Café t Smalle

July 25, 1998

Last night we went back to the Cafe 't Smalle, a "brown bar" not far from where we stayed when we visited Amsterdam four years ago. An authentic brown bar, like this one, gets its name from the color the walls assume after exposure to centuries of smokers; it is rumored that others get that way from paint.

Although the Cafe 't Smalle is pretty small, during the summer this doesn't matter because the customers gather outside, in the narrow street in front and on the bank of the canal across the street. The crowd is a varied group: ages from 20s to 70s; singles, couples and groups; straight and gay. Their drinks are equally varied: many kinds of beers, mostly from Belgium; whisky, vodka, Calvados, and the native genever; expresso, cappuccino, and regular; and a sprinkling of fruit sodas. (Although gin has its origin in genever, which means juniper in Dutch, the flavor is very different. We tried it once and found it unpalatable – perhaps it's an acquired taste.)

There are several benches bolted to the sidewalk, and many wicker chairs, along the sidewalk and on another ten feet of dock to which customers who arrive by boat can tie up. These groups often provide a good part of the evening's entertainment. One night a boat pulled crisply into position and the captain stepped off the bow to make it fast while his passenger came ashore at the stern. The landlubber's inept attempts at knots were roundly derided by the onlookers, who provided plentiful suggestions on proper technique until the captain came to the rescue.

Boats of all sizes turn up, from 10 to 30 feet; most seem to carry as many passengers as can be crammed in. An exception was a huge Boston Whaler, occupied by only two people. Another boat equally as long but not as tall slowly cruised by with 17 people. At the time the dock was full and it continued up the canal. Some other boats passed by, then double- and triple-parked, tying up to boats already parked nearby. Nobody seems to mind the newcomers clambering across their boats to get on land, although they sometimes have a problem locating all the parties whose boats are blocking them in when it's time to leave.

The long low boat returned with only a few people and tied up at the now vacant pier; there was even room for the dinghy they towed. After a while, others congregated on board and we heard the sound of jazz. It came from a tape player, but soon was joined by a live saxophone and trumpet. My first thought was that we were being subjected to another group of buskers looking for donations1. But this was not the case, and after a couple of songs they slowly chugged away, continuing to entertain passersby as well as their passengers.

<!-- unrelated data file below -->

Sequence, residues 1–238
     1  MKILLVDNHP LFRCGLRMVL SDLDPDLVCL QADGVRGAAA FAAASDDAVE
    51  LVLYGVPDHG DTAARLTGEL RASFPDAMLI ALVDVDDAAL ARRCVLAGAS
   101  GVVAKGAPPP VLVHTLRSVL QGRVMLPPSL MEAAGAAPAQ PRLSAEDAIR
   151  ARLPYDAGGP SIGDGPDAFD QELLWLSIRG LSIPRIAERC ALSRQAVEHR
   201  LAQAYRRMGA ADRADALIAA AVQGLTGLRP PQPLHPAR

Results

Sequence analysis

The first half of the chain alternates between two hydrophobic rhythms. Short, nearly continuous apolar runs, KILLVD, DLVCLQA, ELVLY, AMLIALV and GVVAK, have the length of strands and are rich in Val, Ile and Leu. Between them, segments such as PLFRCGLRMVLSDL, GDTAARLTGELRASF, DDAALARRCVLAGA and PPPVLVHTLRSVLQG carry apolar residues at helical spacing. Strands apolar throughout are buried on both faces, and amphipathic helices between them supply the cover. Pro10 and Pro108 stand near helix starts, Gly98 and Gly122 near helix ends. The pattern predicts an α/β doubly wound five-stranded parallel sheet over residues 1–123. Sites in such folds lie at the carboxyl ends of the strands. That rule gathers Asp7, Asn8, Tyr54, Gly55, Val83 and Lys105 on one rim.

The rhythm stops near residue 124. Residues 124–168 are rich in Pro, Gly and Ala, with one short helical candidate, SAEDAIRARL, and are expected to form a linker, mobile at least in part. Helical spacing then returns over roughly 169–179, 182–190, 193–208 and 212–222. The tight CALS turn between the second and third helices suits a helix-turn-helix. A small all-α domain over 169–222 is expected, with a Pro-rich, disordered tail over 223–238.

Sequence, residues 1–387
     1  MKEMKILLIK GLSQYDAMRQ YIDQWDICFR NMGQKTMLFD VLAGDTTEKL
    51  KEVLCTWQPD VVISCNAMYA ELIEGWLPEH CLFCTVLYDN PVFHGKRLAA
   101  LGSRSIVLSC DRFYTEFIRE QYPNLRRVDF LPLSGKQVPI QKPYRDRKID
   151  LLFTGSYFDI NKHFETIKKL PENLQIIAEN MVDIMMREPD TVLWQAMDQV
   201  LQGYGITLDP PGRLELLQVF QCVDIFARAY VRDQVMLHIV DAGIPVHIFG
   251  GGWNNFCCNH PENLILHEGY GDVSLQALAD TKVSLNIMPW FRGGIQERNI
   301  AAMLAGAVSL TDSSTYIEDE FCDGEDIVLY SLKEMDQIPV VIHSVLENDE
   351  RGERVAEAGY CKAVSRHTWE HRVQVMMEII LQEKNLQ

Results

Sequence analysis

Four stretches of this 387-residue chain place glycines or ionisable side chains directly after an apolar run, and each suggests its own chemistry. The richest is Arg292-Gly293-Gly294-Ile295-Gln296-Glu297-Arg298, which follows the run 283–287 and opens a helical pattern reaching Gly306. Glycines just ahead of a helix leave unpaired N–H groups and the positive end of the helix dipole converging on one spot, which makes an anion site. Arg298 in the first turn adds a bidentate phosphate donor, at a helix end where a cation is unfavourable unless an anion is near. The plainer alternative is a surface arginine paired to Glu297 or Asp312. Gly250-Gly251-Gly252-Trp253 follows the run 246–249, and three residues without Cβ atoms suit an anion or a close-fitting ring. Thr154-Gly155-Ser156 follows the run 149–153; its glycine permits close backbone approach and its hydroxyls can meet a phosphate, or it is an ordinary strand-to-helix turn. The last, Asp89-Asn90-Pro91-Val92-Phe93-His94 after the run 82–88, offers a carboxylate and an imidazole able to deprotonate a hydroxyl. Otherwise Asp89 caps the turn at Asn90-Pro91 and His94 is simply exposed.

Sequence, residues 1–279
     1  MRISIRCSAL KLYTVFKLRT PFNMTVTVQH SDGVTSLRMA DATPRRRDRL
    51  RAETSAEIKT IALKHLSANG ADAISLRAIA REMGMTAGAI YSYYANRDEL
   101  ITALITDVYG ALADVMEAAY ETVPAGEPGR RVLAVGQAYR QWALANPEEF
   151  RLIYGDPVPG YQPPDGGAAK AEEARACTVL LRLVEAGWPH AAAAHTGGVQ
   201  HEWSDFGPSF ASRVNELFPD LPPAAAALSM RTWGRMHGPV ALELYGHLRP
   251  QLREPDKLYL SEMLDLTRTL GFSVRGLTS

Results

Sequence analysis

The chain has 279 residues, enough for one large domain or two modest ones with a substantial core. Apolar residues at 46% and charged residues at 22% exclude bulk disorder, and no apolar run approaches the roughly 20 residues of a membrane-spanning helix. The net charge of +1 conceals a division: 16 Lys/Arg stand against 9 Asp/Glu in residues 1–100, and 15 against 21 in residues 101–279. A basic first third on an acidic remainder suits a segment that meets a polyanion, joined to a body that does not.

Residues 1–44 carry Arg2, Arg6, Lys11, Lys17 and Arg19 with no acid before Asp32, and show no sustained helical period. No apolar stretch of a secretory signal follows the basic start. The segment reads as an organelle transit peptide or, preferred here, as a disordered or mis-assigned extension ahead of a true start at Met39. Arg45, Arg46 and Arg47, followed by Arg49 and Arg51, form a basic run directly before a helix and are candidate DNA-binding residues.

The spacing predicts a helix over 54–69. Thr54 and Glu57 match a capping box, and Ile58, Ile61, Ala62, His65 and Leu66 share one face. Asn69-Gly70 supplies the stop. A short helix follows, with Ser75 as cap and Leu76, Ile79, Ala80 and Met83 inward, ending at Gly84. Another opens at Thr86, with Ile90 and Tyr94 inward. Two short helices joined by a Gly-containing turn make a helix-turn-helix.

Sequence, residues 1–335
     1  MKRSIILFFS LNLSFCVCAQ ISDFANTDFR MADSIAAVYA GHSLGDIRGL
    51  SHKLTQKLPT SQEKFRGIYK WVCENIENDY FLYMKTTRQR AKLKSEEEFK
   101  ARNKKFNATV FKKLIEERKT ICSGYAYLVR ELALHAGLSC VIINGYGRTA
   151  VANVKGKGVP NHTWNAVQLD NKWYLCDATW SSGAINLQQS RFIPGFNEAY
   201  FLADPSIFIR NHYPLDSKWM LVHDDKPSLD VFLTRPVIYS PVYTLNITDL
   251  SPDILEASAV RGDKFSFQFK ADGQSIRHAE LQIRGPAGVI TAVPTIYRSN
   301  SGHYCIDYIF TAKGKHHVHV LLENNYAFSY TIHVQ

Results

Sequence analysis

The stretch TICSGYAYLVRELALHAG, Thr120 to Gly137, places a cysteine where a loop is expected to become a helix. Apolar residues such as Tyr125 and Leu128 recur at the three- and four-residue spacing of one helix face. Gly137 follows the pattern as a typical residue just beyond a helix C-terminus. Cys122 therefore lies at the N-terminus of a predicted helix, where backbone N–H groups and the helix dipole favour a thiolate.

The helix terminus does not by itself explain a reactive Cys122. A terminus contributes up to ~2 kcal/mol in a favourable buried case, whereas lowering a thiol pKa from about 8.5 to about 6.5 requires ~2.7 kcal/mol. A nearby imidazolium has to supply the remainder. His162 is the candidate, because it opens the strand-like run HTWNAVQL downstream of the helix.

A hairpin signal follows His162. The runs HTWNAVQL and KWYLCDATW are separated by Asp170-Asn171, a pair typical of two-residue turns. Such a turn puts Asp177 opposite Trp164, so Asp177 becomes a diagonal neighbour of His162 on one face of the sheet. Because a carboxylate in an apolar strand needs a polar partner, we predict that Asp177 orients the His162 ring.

1There are some high quality acts. One group of jugglers occasionally appearing in the nearby Leidesplein works their way up to juggling chain saws and swords and concludes with them perched atop towering unicycles, tossing flaming torches to each other through a flaming hoop. However, most are "musicians" so amateurish as to be little more than panhandlers. Fortunately, unlike what we encountered in Frankfurt, there do seem to be some kind of rules preventing them from "serenading" captive café patrons.

The first day here we encountered a genuine panhandler; he started by asking if we spoke English, then asking for a guilder (about $.50). We rebuffed him but he later approached us in another part of town; this time we just ignored him. Several days later while having coffee across from the Leidesplein we saw another guy using basically the same approach, although he was claiming that he needed the money to buy a phone card. He seemed to be a good judge of character; he didn't try everybody, but in 20 minutes he had scored over a dozen contributions. Then the first panhandler appeared and they talked for a while – evidently they were splitting up the territory!

© Copyright 1998 Jack Ludwick - All Rights Reserved